on a pizza and beer diet? Watching ones nutrition is something that everyone can have some control over. That being said, nutritionists also get cancer. More exercise is also important. But marathoners get cancer too. Influencing cellular biology in the laboratory is not the same as delivering a weight watchers low calorie menu. Our central nervous system operates only on glycogens. Not fats. Not protein. We would be unable to function if we reduced our glycogen levels to the point where we can control cellular metabolism. If you are, or know a diabetic, you know how critical it is to maintain appropriate blood sugars. Neither hypo nor hyperglycemia is healthy. Either extreme will cost you your life. In endurance sporting events like marathons, our glycogen levels must be within range. As glycogen levels diminish, our bodies enter what exercise physiologists refer to as the "Glycogen sparing mechanism." This means both fats and proteins are broken down to provide fuel for our bodies. It does this to ensure that a minimum level of glycogen remains in our blood to be available for our brain, central and peripheral nervous system to operate on. When one approaches the threshold for the glycogen sparing mechanism to kick in, something has to give. There is confusion, disorientation, loss of motor control and coordination. Bowel and bladder control is compromised. In endurance events the non- scientific term is "Bonking." In practical terms one can not minipulate a hypoglycemic state to influence neoplastic metabolism while maintaining a functional nervous system and healthy physiology. If it was possible, everyone would be doing it. It would be easier to get an anti-tumor sandwich than a Dunkin Donut.

NanoSecond's picture
NanoSecond
Posts: 653
Joined: Oct 2012

All true.  But just not to the point.  The issue is Insulin Resistance. Obesity and Type II Diabetes are recognized high risk factors for renal cancer.  Both of these "chronic" diseases begin (and end) with Insulin Resistance.

It is "easy" to prevent Insulin Resistance occurring in the first place by following a proper diet - so I guess paying attention to nutrition now may just be pissing in the wind for those of us who are at stage IV.  Still, to each his own. I think it helps enormously but mainstream medicine currently says it does not.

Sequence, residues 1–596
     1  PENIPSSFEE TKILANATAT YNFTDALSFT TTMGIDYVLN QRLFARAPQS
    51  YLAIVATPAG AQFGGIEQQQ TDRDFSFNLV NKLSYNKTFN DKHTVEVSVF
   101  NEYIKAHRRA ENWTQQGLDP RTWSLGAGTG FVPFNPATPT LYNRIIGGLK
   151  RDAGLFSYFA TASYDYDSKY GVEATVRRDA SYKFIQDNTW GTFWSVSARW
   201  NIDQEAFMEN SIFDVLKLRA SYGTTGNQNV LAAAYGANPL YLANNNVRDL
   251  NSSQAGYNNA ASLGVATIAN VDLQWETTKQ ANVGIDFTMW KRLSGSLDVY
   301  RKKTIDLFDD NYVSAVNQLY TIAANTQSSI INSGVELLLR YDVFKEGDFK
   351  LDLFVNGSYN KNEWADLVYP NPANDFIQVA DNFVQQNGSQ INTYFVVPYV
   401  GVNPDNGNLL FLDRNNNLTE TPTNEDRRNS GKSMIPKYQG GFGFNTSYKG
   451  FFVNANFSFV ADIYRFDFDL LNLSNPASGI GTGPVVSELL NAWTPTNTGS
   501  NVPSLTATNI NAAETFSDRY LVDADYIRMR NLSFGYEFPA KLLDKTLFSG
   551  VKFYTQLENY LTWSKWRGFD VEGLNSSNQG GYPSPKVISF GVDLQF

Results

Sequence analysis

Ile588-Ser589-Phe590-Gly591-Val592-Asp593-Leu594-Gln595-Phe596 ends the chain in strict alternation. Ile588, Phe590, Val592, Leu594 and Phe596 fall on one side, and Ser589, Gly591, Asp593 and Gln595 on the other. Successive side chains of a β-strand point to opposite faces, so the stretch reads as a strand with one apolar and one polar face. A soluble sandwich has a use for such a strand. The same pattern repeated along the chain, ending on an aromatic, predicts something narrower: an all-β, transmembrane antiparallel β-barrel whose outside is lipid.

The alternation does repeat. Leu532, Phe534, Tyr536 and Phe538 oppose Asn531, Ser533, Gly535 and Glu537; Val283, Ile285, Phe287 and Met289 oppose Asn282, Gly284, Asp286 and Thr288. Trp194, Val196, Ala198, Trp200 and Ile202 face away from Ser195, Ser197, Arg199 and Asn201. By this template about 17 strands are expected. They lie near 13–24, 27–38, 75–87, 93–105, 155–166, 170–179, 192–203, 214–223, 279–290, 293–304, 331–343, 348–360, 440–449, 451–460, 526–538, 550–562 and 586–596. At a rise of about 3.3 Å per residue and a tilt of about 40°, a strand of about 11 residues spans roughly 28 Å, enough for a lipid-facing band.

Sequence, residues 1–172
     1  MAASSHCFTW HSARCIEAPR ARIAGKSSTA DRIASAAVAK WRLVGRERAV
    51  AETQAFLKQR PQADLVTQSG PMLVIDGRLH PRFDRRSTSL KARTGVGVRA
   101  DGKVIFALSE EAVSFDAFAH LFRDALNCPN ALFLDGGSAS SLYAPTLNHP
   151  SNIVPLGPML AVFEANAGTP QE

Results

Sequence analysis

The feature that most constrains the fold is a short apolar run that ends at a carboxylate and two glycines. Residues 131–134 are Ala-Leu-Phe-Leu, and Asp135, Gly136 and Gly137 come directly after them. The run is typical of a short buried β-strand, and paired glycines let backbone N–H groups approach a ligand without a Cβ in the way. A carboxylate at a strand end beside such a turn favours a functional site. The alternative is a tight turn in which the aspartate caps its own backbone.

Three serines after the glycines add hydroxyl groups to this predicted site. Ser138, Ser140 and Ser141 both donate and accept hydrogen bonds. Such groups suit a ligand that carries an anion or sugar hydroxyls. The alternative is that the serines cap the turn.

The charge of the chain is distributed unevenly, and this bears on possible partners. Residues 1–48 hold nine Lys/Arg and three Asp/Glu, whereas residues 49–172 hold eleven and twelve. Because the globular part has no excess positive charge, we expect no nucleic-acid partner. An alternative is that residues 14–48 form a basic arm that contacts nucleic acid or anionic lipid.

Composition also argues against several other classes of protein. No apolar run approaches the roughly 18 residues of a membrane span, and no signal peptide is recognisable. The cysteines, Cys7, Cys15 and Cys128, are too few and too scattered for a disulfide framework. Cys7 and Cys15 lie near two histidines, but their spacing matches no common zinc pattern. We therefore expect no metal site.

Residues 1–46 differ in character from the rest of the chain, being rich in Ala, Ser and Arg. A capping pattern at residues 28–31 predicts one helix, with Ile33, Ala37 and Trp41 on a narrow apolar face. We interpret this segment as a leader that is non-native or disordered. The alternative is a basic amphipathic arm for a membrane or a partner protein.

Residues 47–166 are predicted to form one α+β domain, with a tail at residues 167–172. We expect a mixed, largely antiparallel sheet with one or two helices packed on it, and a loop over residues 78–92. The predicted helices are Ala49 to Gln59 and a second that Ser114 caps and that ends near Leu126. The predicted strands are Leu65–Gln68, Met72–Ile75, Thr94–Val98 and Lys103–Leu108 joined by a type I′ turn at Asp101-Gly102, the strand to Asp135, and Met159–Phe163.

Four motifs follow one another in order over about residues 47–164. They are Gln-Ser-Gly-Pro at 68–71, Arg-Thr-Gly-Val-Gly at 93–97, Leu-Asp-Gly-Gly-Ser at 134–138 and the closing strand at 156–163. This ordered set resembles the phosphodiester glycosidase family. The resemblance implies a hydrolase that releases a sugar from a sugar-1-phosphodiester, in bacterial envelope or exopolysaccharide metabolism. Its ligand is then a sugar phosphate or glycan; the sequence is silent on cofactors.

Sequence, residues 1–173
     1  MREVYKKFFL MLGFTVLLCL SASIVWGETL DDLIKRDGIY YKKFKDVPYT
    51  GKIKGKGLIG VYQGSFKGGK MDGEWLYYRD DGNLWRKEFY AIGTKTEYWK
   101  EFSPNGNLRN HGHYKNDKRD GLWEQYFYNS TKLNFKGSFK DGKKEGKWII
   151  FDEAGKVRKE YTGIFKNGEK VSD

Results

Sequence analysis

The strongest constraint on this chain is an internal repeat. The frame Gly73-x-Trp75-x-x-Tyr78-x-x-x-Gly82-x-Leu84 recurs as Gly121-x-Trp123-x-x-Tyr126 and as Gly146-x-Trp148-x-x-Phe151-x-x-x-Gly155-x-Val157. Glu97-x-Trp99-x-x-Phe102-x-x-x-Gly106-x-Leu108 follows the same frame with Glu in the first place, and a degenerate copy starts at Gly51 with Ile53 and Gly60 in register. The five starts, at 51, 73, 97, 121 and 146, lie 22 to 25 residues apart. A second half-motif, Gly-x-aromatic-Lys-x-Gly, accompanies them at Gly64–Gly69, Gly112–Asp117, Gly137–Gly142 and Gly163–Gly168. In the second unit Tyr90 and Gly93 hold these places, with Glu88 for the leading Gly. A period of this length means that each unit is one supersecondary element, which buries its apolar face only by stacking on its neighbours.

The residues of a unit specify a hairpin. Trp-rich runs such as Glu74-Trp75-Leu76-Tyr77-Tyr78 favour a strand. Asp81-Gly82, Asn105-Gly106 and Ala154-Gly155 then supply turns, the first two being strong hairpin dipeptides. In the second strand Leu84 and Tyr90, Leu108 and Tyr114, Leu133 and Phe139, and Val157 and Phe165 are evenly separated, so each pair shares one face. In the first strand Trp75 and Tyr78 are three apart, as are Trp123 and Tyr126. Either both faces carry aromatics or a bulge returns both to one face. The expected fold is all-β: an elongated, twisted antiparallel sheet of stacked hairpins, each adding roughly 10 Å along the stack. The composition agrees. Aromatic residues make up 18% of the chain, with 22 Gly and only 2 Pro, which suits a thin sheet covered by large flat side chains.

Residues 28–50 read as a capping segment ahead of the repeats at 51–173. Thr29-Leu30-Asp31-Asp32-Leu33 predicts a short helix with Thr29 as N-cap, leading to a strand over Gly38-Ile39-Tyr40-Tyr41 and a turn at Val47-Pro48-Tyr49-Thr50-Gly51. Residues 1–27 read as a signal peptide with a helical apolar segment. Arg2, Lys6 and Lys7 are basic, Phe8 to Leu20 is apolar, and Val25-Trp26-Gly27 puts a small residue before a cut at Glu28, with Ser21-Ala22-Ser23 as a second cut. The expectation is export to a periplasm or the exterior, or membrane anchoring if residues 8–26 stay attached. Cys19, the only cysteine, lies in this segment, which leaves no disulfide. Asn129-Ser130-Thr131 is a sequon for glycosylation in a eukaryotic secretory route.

Although the videos linked to below are aimed at obese and/or diabetic patients - they are worth considering.  Meanwhile, if you can explain how consuming beer and pizza (on a regular basis) can reduce Insulin resistance in the least - or prevent it from occurring in the first place - then I will eat my hat.  No, better yet - I will gladly go back to eating pizza (alcohol is out because I have liver mets):

http://intensivedietarymanagement.com/category/lectures/the-aetiology-of-obesity-lecture-series/

APny's picture
APny
Posts: 1998
Joined: Mar 2014

Below is a quote from the Mayo Clinic on the link between sugar and cancer. I would assume the Mayo Clinic is reputable and would be the first to advocate cutting out sugar from your diet if there was a proven cause-effect relationship. I’m not saying processed food, junk food, sweets every day and gallons of soda are good for you and certainly am not advocating that poeple pig out on cookies and cake. But sadly, even eliminating them completely from our diet isn’t going to kill our cancer cells. I've always been huge on nutrition and always ate healthy, mostly veggies. I don’t like sweets and never drink soda, and only very rarely have dessert. Yet I ended up with cancer. Go figure. Okay, here’s the quote:

“Myth: People with cancer shouldn't eat sugar, since it can cause cancer to grow faster.

Fact: Sugar doesn't make cancer grow faster. All cells, including cancer cells, depend on blood sugar (glucose) for energy. But giving more sugar to cancer cells doesn't speed their growth. Likewise, depriving cancer cells of sugar doesn't slow their growth.

This misconception may be based in part on a misunderstanding of positron emission tomography (PET) scans, which use a small amount of radioactive tracer — typically a form of glucose. All tissues in your body absorb some of this tracer, but tissues that are using more energy — including cancer cells — absorb greater amounts. For this reason, some people have concluded that cancer cells grow faster on sugar. But this isn't true.

However, there is some evidence that consuming large amounts of sugar is associated with an increased risk of certain cancers, including esophageal cancer. It can also lead to weight gain and increase the risk of obesity and diabetes, which may increase the risk of cancer.”

 

http://www.mayoclinic.org/diseases-conditions/cancer/in-depth/cancer-causes/art-20044714?pg=2

 

NanoSecond's picture
NanoSecond
Posts: 653
Joined: Oct 2012

If you read my initial response you will see that I agree with this one-pointed statement.

You cannot "starve" cancer cells by cutting out sugar(s).